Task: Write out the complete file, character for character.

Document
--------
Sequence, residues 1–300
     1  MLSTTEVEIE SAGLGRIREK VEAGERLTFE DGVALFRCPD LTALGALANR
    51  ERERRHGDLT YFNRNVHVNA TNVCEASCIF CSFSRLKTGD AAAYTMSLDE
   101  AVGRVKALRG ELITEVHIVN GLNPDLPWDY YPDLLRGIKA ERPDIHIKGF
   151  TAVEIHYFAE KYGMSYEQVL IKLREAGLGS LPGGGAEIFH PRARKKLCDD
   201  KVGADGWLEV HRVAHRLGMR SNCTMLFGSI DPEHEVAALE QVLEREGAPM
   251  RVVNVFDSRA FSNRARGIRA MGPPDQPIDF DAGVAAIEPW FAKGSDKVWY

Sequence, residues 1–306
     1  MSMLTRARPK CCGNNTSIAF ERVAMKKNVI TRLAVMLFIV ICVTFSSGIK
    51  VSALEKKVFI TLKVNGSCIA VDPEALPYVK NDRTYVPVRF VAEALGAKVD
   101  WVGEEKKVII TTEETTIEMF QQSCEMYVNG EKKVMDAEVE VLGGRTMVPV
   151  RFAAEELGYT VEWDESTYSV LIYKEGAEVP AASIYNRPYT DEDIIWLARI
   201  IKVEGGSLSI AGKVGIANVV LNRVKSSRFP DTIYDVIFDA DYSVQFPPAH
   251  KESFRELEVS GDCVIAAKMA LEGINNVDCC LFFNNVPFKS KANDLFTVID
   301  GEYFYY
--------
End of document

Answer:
Sequence, residues 1–300
     1  MLSTTEVEIE SAGLGRIREK VEAGERLTFE DGVALFRCPD LTALGALANR
    51  ERERRHGDLT YFNRNVHVNA TNVCEASCIF CSFSRLKTGD AAAYTMSLDE
   101  AVGRVKALRG ELITEVHIVN GLNPDLPWDY YPDLLRGIKA ERPDIHIKGF
   151  TAVEIHYFAE KYGMSYEQVL IKLREAGLGS LPGGGAEIFH PRARKKLCDD
   201  KVGADGWLEV HRVAHRLGMR SNCTMLFGSI DPEHEVAALE QVLEREGAPM
   251  RVVNVFDSRA FSNRARGIRA MGPPDQPIDF DAGVAAIEPW FAKGSDKVWY

Sequence, residues 1–306
     1  MSMLTRARPK CCGNNTSIAF ERVAMKKNVI TRLAVMLFIV ICVTFSSGIK
    51  VSALEKKVFI TLKVNGSCIA VDPEALPYVK NDRTYVPVRF VAEALGAKVD
   101  WVGEEKKVII TTEETTIEMF QQSCEMYVNG EKKVMDAEVE VLGGRTMVPV
   151  RFAAEELGYT VEWDESTYSV LIYKEGAEVP AASIYNRPYT DEDIIWLARI
   201  IKVEGGSLSI AGKVGIANVV LNRVKSSRFP DTIYDVIFDA DYSVQFPPAH
   251  KESFRELEVS GDCVIAAKMA LEGINNVDCC LFFNNVPFKS KANDLFTVID
   301  GEYFYY